But I have no envy of Karl Pilkington at all. When I got asked to do the last tour, Science, it was quite easy to turn down. I didn’t want to swap my mental health for money.

After the Fame tour I thought I’d never do anything with him again. Because it was monstrous, and it was horrible and bizarre. The way that everyone joined in, it really was very Lord of the Flies and of course I am very Piggy-like.

With the distance of time, I can kind of laugh at it but... today, as a parent, in my 40s, I don’t feel I could handle being squealed at constantly, having make up put on my face while a load of tech crew and Matt, his tour manager, dance around in a tribal manner.

That was one of those moments, when the money kept going up, and I said, no, I’m honestly not going to do it.

It’s amazing, when you turn down money. It’s a far better feeling than when you are making it – as long as you’ve got enough to survive, of course. You go, ‘Oh, what a relief’.

Why did you start The Book Club?

It t came out of a disastrous Edinburgh show which ended with me punching a melon, representing the head of Vernon Kay, until it exploded, and then singing Mustang Sally. No one really understood it. Maybe I was way ahead of the curve (laughs). In that show I would read from Sid Little’s autobiography, which led to The Book Club, and that reminded me why I did stand-up and why I liked ideas.

I started it partly as a reaction to seeing so many cynical, sneering comics. I wanted to do shows from a place of passion, so if someone came up to you and said, ‘I didn’t like what you said’, you couldn’t go ‘It’s just a joke, mate.’ You’d have to say, ‘I’m afraid you detest me and everything I represent.’ (laughs) Which is fine, I am a very detestable individual.

Also, at Edinburgh I saw so many interesting acts that I thought couldn’t fit on the circuit now because it had become so mainstream, so I thought it would be nice to put on something that had a certain element of variety. To provide a space where people could develop ideas, or a space for people who didn’t have a stand-up career, where they could do their thing.

When I first started, it seemed promoters watched acts and sometimes an act did well but they’d think this wasn’t really the sort of stuff they wanted in their club. Equally they’d watch acts fail and think, ‘They have something interesting, I’ll give them another go.’ That’s very much part of Eddie Izzard’s story, where his first manager Peter Harris ran clubs so Eddie could go on, try, maybe fail, then fail better.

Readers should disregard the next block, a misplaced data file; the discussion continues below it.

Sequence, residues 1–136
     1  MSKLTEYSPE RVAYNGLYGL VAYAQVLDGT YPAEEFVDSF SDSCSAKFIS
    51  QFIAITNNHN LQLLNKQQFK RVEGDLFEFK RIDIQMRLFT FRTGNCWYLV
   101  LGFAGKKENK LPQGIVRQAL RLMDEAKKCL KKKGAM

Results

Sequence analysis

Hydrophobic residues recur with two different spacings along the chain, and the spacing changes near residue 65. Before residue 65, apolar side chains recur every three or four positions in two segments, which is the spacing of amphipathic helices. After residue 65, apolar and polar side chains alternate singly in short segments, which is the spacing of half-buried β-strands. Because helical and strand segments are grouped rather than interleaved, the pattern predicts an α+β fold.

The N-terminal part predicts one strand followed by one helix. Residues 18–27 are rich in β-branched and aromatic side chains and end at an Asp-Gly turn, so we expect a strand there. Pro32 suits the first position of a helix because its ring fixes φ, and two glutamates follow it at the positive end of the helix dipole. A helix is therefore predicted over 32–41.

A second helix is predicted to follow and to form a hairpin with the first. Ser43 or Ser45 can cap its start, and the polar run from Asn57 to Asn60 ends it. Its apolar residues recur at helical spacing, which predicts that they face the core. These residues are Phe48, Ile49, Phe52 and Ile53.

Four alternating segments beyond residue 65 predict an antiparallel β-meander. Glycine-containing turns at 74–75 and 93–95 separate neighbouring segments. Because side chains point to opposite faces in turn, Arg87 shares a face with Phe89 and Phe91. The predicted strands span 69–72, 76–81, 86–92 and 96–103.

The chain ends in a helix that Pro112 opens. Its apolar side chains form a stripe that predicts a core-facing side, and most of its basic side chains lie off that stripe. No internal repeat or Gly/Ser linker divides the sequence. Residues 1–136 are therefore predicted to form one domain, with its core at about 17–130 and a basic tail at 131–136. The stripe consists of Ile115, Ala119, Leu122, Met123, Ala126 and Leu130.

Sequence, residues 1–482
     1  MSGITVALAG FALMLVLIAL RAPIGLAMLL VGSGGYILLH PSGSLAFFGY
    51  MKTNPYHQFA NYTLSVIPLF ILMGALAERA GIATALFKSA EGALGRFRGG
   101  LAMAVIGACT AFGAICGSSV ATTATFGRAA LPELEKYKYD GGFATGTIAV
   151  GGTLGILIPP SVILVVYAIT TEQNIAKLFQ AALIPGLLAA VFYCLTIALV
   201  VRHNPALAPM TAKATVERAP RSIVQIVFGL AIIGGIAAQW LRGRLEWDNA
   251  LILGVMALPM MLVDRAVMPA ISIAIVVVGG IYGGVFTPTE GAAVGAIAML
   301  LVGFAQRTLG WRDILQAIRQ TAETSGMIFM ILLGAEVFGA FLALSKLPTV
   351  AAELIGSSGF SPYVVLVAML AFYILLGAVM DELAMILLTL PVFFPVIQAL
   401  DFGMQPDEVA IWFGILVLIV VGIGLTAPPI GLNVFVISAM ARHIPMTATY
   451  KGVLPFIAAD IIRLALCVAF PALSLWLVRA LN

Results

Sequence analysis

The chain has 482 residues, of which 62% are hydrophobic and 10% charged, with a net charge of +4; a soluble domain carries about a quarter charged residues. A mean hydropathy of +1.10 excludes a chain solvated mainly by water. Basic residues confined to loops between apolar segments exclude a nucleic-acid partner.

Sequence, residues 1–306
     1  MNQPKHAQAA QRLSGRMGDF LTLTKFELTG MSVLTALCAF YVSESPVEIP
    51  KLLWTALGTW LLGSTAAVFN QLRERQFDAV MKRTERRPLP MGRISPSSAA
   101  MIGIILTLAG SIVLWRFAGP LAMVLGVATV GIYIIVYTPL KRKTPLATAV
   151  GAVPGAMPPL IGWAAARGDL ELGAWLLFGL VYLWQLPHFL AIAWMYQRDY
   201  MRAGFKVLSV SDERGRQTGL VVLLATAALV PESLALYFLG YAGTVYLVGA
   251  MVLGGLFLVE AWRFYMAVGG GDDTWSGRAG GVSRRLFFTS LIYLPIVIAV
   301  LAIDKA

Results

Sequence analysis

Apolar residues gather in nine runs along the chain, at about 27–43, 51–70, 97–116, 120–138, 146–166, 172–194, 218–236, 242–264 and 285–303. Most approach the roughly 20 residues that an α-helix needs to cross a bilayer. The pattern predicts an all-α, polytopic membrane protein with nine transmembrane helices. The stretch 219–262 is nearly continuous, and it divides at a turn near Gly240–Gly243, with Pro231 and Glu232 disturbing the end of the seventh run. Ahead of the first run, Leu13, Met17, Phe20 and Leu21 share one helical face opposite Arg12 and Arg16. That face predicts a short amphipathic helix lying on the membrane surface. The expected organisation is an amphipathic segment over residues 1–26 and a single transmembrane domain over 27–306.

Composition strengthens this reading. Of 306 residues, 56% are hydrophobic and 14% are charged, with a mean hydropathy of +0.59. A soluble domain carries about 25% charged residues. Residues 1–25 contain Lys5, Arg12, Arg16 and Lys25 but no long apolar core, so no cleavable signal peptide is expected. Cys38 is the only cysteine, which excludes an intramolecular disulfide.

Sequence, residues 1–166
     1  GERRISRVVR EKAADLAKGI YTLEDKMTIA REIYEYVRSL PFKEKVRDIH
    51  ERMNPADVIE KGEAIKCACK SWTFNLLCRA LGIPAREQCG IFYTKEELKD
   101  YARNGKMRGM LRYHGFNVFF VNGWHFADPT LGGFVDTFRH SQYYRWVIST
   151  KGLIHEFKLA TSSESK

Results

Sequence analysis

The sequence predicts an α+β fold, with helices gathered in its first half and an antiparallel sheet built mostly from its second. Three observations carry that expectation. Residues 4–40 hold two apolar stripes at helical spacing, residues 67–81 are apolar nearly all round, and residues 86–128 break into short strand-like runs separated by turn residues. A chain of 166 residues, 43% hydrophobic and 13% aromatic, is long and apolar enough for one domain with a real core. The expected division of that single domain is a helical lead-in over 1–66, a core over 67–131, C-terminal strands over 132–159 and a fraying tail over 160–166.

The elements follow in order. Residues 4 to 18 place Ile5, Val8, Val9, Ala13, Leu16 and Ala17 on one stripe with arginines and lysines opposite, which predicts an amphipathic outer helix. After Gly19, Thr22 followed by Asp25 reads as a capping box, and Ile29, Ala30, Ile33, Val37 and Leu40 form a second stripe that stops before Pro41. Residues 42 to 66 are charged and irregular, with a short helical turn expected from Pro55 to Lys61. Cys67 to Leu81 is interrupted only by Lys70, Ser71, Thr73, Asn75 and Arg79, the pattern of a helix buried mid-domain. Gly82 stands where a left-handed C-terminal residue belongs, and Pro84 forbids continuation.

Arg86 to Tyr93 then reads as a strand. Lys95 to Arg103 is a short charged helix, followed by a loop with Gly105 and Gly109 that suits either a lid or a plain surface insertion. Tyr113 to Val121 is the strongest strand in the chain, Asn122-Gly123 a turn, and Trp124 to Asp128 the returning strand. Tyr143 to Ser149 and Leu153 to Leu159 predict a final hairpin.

There’s a demand for a fast-food version of comedy. They won’t remember the jokes – they don’t even really want to – they just want to laugh for an hour and then leave.

So I wanted to create a space that allowed for failure. Acts would ask, ‘Is it alright if I do this tonight?’ And I’d say, you don’t have to tell me, it doesn’t matter if it goes wrong. I don’t care how ridiculous an idea is. They might not have had time to rehearse, so it might be slapdash. Just as long as it comes from a place of ‘I really want to try this’, not ‘this’ll do’. That would annoy me. I can be quite annoying like that, quite demanding.

You’ve been a panelist on several radio and TV game shows. How do you find them?

The great gag comics are very good on panel shows: Milton Jones is tremendous, Stewart Francis and Frankie Boyle. But comics who are ideas people, ramblers, we don’t fit as well. I’m not right for television. I did Mock the Week and found it agonising. The desperation, the amount of preparation that had clearly gone into the ‘ad libs’ – the attitude of ‘this could make me a millionaire’. I think it brings out the worst in comedians, a horrible locker room mentality; the elbows are out, desperate to be the one who gets the laugh.

Radio panel shows are far more benevolent. Well, generally; Paul Merton does not like it if you win a round in Just a Minute, as I discovered. Oh, how pleased he was when, near the end of a minute, I said, ‘Allo Allo!’ .

So, I enjoy things where the attitude is: ‘Let’s have fun and enjoy each other’s company. Like Sue Perkins or Jeremy Hardy I don’t ever feel the desire to ‘get one over’ on Tim Minchin or Dave Gorman. A supportive atmosphere allows for a great level of imagination and an element of risk.

Will you ever go back to curating small gigs?

Definitely. I haven’t done them for ages and I’m sure there are loads of interesting gothic poets and people doing strange things with puppets who I’d like to see.

I also want to find space to write another book, so I need to cancel touring for a bit. I’ve gone a bit tour crazy. In the last five years I’ve taken nine different shows on tour, and I may well be about to go mad. These could be my last sane words – were they sane?

  • This was extracted from a massive 8,700-word interview in the new edition of Mustard magazine, in which Robin also discussed atheism, whether comedy is a middle-class ghetto, how music influences his comedy, his Utter Shambles podcast with Josie Long, and Stewart Lee’s abattoir. Click here to buy the magazine for £2.50.

Published: 20 Jul 2012